The key with insurance is: only insure the risks you can't afford to take on your own. You need to insure the life of the primary breadwinner--and disability insurance is probably even more important. Most people need to insure their house--and their car, unless it's old and no longer of great value. But the life of a small child? Insuring that doesn't make any sense. (And the theory that the child will have "guaranteed" access to insurance in the future is awfully speculative to be a basis for any major financial decisions. How much insurance will he be able to buy when he's 45? How much will it cost? What would ordinary term life cost him at that point? Your agent won't be able to answer any of those questions, and he'd have to be able to answer all of them for you to be able to make a reasoned financial decision.)


Guest's picture

I didn't know that my son would have what's probably Aspergers. He's years behind in his ability to take care of himself - he might never be able to keep a job. Our daughter was an extreme preemie - no idea how things will go there, but she's got insurance.

When my dad died, my mom entered a long, long cycle of depression. It's one thing to have to pay for funeral costs - it's another to have to have the resources to keep going, to go long enough to get out of the darkness if you lose someone so incredibly precious to you. I hope it won't be me who has to endure the loss of my kids, and I hope that the insurance moneys will help whoever needs the support when I can't be there to hold them myself.

Guest's picture

I am a life insurance agent and I firmly believe in Whole Life insurance on little ones. Especially the kind that is paid up in 20 years.

I often sell the 20 Pay Life plan. This is permanant insurance that builds significant cash value and the dividends pile up as paid-up additions to the original death benefit. (i.e. $25,000 at age 1 turns in to $50,000 at age 42 because of dividends). This plan gorws far after it is paid up.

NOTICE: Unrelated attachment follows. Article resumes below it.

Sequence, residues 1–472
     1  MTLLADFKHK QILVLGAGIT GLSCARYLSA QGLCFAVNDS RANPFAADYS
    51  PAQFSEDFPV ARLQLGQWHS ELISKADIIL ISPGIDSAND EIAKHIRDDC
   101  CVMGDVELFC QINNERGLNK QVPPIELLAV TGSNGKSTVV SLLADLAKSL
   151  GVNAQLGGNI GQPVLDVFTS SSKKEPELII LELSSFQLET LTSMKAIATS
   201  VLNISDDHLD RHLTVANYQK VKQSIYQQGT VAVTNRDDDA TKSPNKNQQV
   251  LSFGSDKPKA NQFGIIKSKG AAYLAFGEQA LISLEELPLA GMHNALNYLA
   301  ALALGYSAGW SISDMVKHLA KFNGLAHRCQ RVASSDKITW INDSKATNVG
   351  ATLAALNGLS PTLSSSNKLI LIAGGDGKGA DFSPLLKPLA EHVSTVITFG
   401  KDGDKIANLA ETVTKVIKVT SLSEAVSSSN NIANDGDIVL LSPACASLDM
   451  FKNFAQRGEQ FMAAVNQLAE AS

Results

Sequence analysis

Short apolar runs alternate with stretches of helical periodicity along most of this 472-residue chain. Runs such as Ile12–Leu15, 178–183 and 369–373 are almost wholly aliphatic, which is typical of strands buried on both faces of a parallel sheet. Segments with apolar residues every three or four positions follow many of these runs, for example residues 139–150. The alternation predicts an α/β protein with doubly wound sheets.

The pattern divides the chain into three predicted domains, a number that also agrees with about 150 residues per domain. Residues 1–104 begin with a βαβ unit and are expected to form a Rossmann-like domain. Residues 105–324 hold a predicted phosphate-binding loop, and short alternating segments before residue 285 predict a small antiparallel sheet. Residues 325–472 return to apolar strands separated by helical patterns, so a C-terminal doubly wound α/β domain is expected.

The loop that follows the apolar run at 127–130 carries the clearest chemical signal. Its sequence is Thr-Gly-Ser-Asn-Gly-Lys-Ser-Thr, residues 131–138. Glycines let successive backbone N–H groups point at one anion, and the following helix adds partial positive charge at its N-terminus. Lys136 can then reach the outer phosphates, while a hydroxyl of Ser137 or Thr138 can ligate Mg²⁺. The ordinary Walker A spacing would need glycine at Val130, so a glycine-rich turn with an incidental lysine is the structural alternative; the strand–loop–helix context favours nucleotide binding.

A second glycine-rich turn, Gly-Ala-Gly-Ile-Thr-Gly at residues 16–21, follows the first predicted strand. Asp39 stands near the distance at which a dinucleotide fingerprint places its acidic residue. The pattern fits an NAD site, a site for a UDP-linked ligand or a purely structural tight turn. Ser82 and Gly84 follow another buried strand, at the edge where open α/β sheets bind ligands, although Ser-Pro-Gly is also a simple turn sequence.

How can this not be a smart idea?

Those who disagree are the kind of people that like to spend money on themselves.

Guest's picture

...and in some parts of the country, and in some demographic groups, the life expectancy of young people isn't as high as it should be. For these families, life insurance for children makes horrifying sense.

Julie Rains's picture

There may be a reasonable alternative to paid-up insurance, such as investments in the child's name that may yield a higher return. 

Guest's picture

I have 5 children. I was able to buy $10,000 of TERM life insurance for all but one child at a cost of $25 a year (one child was already considered uninsurable at age 10). I can't invest $25 a year and have it add up to the cost of a funeral - which can easily run $5,000 to $10,000. When they turn 25 they can take over the policy themselves and increase the value if they need more. Or perhaps I'll just keep paying so I know I always have the money available to pay for a funeral.

Guest's picture

Term life insurance is cheap because insurance companies end up paying on only 2% of them. Permanent life insurance is an investment for the future.

If you can afford to pay for a funeral and the time you need off work to grieve, then don't spend the money.

If you want to help set your child up for having a "fall back" in the future, then definitely look into whole life or universal life. Mine has helped pay for college and has loaned me cash for bills when I needed it. And I have enough insurance to pay off every bill and mortgage if I die, so my wife won't have to worry.

Guest's picture

My parents bought me a $20,000 policy when I was born. It cost $6 a month. I'm now 30, and the cash value of it is several thousand dollars, projected to be close to $70,000 when I retire (I know- no guarantees there).

I eat well, exercise, yet when I tried to get a term life policy a few months ago I had a weird result from my urine test and they doubled the original rate offer. I re-did the test (came back normal) but they still wouldn't budge on the rate. If you buy whole life young enough, it makes a lot of sense to me. But at my current age, only term makes sense now.

We just got my daughter a $25,000 policy for $120 a year. Funeral costs are expensive, and the worst case is when she goes to college she cashes it out for $1,000 or so. Best case is she never has to use it until long after I'm gone, and maybe she gets some decent cash value out of it when she's at retirement age.

Julie Rains's picture

Thanks for sharing your story. In regard to your attempt to get a life insurance policy, hopefully you can find another company to underwrite you or try again in a couple of years.